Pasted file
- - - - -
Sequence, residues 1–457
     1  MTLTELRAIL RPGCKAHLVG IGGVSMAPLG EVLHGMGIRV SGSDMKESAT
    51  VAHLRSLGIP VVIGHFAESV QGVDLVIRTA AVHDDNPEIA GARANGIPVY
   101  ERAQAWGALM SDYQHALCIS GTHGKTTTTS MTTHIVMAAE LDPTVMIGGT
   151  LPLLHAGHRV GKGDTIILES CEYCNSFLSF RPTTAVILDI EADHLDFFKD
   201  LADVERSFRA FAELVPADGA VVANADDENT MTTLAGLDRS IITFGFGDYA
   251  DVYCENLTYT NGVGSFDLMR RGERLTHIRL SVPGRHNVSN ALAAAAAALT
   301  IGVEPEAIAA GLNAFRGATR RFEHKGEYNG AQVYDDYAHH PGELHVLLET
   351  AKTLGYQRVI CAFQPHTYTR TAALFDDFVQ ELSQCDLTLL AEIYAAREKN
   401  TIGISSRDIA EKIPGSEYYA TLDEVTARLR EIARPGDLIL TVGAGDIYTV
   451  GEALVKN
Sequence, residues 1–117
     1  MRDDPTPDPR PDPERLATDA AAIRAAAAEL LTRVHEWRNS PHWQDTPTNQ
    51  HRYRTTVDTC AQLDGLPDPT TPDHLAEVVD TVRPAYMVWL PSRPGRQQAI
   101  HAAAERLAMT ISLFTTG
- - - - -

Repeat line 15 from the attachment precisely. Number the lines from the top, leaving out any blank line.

   101  HAAAERLAMT ISLFTTG